the absence of a strong military or security
presence in the flour-producing town (Munif
2014b). Upon regime withdrawal, opposition
leaders asked local sheikhs in the mosques
to order government employees to continue working and maintain services. One
member of the Trustees Council explained,
We knew who was working for the regime,
but to keep services running we decided
to deal with them later (Interview August
2013). Government workers who did not
openly oppose the government continued to
receive salaries, suggesting that loyal workers may still be passing information to central authorities. The state court, which deals
with land registry and personal status issues,
continued to work with direct counterparts
in Damascus (Menapolis 2013: 13).
The way in which Revolutionaries decided
to deal with government employees aided
by the fact that the town was not a priority

Ali: The Security Gap in Syria

of the Assad government was instrumental


to their success. Gardner (2012: 28) observes
that the state is not only conceived of apparatuses, laws, and bureaucracies, but also a
configuration of powers inseparable from
the embodiment in individual citizens,
(emphasis in the original). Rather than purging these individuals, the RC pragmatically
allowed them to continue working. Manbij
still experienced weekly airstrikes (Munif
2014a) suggesting there was no high-level
deal with the Syrian government rather
the Revolutionaries accommodated remnants of the the state in the sense of the
individual Syrians who are its embodiment.
This accommodation helped to keep the
peace, but was also expedient in so much
as the Revolutionaries lacked the expertise
needed to run essential infrastructure
electricity, water, and the flour mills (Munif
2014a) without retaining loyal government employees.
Rivalry with rogue FSA units and ISIS

The Revolutionary Council had rivals in addition to the Syrian state. When the FSA brigades, with which the RC had relations, left
the town for the front, criminal brigades
emerged and antagonised the population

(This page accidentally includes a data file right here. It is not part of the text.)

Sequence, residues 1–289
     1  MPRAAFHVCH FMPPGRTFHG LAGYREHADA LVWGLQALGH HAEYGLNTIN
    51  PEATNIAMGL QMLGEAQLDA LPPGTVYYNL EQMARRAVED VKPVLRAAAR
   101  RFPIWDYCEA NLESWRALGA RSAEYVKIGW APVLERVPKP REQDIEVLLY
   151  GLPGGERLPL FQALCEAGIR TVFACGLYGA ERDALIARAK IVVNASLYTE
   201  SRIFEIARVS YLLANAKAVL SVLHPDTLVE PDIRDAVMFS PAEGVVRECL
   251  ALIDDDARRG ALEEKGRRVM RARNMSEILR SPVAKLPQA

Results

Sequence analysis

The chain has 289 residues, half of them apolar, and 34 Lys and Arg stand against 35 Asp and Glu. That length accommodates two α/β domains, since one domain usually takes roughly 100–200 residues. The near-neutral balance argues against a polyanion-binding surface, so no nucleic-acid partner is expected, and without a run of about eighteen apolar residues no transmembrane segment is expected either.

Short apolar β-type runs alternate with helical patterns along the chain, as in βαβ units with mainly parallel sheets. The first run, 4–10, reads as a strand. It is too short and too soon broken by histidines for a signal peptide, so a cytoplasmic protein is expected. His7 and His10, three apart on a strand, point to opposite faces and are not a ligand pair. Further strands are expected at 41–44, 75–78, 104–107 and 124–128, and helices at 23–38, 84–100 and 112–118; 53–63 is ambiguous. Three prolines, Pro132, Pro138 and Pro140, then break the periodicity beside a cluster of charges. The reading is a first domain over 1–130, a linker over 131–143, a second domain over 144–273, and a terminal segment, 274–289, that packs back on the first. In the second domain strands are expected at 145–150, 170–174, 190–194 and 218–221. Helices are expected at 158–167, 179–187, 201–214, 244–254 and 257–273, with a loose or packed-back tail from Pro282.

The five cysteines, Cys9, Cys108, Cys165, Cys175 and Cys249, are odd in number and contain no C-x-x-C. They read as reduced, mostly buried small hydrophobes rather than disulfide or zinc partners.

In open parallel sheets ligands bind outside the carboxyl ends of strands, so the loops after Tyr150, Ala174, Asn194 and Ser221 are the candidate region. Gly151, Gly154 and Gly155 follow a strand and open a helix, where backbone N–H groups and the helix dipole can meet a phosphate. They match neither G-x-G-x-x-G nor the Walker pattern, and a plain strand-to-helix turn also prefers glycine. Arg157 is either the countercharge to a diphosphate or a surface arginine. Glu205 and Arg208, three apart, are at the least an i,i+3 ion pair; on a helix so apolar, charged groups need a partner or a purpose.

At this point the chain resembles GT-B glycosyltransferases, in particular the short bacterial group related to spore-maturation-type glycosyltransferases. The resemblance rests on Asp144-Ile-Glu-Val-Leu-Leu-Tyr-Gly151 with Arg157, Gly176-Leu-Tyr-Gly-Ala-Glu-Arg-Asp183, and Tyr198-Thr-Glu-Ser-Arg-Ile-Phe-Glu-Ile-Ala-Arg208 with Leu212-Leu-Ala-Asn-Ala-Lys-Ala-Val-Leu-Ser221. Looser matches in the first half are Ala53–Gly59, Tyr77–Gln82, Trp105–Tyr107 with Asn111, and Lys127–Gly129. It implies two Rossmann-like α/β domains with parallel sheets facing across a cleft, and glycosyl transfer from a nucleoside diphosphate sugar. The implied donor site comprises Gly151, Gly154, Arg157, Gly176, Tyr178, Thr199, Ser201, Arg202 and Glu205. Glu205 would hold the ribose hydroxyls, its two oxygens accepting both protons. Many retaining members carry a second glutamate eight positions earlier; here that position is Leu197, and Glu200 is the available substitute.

by forcing themselves to the front of bread
queues (Munif 2013). The bread FSA was
cleared out by Islamist brigades like Ahrar
Asham, Jabhat Al Nusra, and ISIS but the
population resisted their efforts to impose
unwanted social agendas (Munif 2013). The
Islamist brigades were initially successful but
eventually defeated by ISIS who seized bread
production facilities and violently purged
criminal brigades, reducing kidnappings in
the town (Munif 2014b). Subsequent bread
shortages and ISISs efforts to exert too much
control over the population resulted in challenges to the group (Munif 2014b). ISIS was
expelled from Manbij in January 2014 by
local resistance fighters and the local police
force (Munif 2014b). However, ISIS returned
to the city, harassing civilians and, according
to RC president Monzer Al Salal, confiscating

Art.40, page13 of 20

the property and houses of revolutionaries and publicly executing teenager Youssef
Mohammed Al Mohamad. Al Salal stated that
residents and civil activists organised a successful general strike against ISIS but that
ISIS continues to control areas surrounding
Manbij, making the town difficult to liberate completely, despite ongoing resistance
(Watanili 2014).
Security practices and objectives appear to
have differed in Manbij from PYD-run areas
and Deir Azzor in important ways. Firstly, the
deals struck with the state in Manbij differed
from PYD areas in that they did not result in
the Manbij RC implementing the Syrian governments security objectives. Furthermore,
a partial accommodation with state employees put Manbijs RC in a better position than
the Deir Azzor LAC. Finally, while the RC
excluded women and individuals without
revolutionary credentials, it was not secretive
in its formation processes in the way that the
Deir Azzor LAC was.
Civil Society influences Council
Formation in Dera
Deras public service problems resemble
those of other localities in Syria. Amir, a
farmer from Dera, said that electricity from
the national grid has halved since the beginning of the crisis and for three months there
had been none at all (Interview February
2015). Water supplies, however, are uninterrupted because rebels control a water line
supplying government areas. In Dera and
nearby Quneitara, the composition and activities of LACs are influenced by civil society,
international actors, and state and non-state
armed groups. We lack data about whether
LACs there were elected, but one civil society activist says his organisation influenced
greater representativeness of councils in